Some of these questions discuss whether or not it makes sense, or what to do when the supposed proof tries to prove a famous open problem, or how to even answer such question, or how to make them more attractive.
These are all valid concerns. But most of these were asked quite some time ago. And the growth of the site makes it harder to fix any future damages, so I think we need to talk about this again. In this question, I am not offering any solutions. I just want to highlight the problems and bring this back to the table, and engage with a discussion on what are possible solutions in the answers below.
I had recently asked a user who had been posting a lot of fairly elaborated proofs (sometimes in response to suggestions on previous questions). With a little discussion in the comments, this is what I managed to extract as far as pros to proof verification questions:
Not everyone in this site is a student, not everyone has a teacher, assistant, or a grader to check their work and make remarks. Many people here are hobbyists or self-educating themselves, and they need help from others to make sure that they are not making mistakes in their work.
Supposedly, there is a contribution of an elaborate proof to the corpus of proofs on the site. This helps future visitors, since they can find this proof and learn from it, and learn from its mistakes if those are pointed out in the answers.
In one instance, the proof seemed fine, and even one person said it's fine, but then someone else pointed out a subtle mistake. Which requires closer attention to details. This is something you might not be able to do yourself if you're asking these sort of verification related questions, and this is how we truly learn mathematics.
On the contra side:
Future visitors will also want their proofs to be verified. They will simply post their proof, and this will not be a duplicate, because the question is not about the problem, but rather about the solution, which is likely to be somewhat different than the previous instances. This leads to an inflation of questions which are asking essentially the same, but are not "formally duplicates".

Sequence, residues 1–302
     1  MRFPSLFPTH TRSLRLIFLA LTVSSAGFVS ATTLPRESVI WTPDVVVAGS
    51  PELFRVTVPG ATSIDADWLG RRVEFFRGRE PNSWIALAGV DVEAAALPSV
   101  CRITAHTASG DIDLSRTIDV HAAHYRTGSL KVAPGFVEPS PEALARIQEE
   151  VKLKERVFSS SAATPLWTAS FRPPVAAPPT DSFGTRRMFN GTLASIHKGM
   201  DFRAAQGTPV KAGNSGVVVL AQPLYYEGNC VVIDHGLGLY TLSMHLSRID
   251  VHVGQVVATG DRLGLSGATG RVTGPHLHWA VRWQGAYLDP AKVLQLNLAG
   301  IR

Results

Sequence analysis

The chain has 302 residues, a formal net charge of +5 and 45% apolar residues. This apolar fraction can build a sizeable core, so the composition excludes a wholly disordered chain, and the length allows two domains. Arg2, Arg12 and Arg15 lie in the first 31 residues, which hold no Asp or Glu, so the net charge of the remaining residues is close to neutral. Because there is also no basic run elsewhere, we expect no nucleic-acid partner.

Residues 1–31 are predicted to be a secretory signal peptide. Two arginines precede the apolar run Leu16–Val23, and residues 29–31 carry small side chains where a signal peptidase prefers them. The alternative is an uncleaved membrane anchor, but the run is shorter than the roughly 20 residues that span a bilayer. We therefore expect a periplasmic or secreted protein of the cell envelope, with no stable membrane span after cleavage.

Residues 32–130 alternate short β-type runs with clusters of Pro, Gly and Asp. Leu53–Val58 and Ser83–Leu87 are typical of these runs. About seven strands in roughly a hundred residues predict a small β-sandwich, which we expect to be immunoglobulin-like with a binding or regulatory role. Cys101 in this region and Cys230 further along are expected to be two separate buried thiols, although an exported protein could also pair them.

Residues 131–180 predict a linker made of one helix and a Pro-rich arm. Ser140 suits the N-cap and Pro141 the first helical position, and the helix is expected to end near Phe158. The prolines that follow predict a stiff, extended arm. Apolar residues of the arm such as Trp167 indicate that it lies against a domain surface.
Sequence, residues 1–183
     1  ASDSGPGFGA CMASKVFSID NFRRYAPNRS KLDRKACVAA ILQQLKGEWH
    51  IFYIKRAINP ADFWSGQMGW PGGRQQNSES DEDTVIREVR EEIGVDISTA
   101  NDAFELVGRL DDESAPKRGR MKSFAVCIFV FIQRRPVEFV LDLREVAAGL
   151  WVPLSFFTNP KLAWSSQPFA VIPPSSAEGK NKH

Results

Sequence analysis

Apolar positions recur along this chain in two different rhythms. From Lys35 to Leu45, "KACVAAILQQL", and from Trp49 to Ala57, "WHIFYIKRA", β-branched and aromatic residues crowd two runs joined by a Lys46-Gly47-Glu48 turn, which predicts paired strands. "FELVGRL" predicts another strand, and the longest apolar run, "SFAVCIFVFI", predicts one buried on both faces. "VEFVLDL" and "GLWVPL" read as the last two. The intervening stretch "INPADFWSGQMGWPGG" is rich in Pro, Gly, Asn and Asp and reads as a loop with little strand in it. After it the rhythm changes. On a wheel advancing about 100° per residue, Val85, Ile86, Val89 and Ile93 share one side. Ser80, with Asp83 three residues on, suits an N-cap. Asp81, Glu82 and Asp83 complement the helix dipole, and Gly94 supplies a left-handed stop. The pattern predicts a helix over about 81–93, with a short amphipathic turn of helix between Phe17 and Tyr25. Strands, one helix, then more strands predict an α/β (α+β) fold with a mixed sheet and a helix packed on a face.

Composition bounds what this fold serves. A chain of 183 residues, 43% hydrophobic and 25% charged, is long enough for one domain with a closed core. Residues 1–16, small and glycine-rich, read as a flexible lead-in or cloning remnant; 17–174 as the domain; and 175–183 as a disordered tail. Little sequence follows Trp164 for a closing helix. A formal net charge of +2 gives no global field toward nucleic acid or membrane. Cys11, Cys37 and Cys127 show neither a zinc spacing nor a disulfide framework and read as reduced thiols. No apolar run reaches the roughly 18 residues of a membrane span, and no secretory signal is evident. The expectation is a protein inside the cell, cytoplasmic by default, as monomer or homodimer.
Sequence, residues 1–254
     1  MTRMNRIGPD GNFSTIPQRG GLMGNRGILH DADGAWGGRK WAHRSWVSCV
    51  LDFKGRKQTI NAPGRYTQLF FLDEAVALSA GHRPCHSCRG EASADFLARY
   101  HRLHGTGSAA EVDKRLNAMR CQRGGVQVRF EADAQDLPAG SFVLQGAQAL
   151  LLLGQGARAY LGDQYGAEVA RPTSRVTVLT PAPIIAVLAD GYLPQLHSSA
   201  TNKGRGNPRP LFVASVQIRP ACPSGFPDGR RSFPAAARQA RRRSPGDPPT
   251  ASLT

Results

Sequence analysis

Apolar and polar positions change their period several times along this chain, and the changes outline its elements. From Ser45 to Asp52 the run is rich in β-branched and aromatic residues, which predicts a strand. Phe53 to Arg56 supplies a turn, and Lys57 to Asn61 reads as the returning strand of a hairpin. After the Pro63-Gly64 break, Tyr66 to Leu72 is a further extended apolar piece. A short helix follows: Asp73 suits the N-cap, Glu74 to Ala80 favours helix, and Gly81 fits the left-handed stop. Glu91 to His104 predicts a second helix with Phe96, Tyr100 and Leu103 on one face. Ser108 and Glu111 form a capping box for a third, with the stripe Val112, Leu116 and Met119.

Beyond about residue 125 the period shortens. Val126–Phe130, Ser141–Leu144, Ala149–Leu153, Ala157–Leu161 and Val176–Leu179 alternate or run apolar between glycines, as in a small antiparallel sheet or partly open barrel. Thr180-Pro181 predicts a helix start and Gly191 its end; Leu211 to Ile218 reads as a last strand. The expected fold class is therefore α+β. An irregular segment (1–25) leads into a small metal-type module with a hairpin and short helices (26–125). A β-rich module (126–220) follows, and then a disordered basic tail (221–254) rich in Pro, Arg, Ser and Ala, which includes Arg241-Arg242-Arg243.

It might be that someone looks at the proof says "Yeah, that looks good", but they glanced over the details. In that case, especially if this user is more established, any mistake might be overlooked by future readers. (The issue here is that finding a mistake is a $\Sigma_1$-type problem: until you found it, you don't know if it's there.)
If you are looking to contribute an elaborate proof, then you're looking to contribute an answer to this website. Not a question. It is far more reasonable to post the suggested proof as an answer to a question about the statement you're proving (or post a question and an answer if there is no such question). Of course the problem is that not everyone bothers to read the answers, you cannot award people a bounty for proof reading your answers, and so there is no "points incentive" for people to engage with your answer. This is why sometimes a user would post an answer to their question after receiving a partial or broad-strokes answer, and a few days later move this to a proof verification question, where they can incentivize more people to look at it.
What do you think we should be doing with proof verification?
The issues here are that the site is growing fast in users, and this means that it grows even faster with more questions. If we decide that we enable a proof verification culture, this might cause an even more serious problem in the future in the form of repeated questions with the same proofs.
For example "Posts containing 'algebraic numbers is:q'" show $9$ questions, out of the first $10$, asking to verify the proof that the algebraic numbers are countable.
This will continue to blow up, rapidly. Whereas the problem with "homework mill questions" (for lack of a better term) can be solved by dedicated people who point out duplicates and close those questions where the OP is truly disinterested in providing any contribution, proof verification are hardly like that. The OP usually shows their work (often to a degree one might call excessive), and seem to be willing to contribute to the site their version of the solution.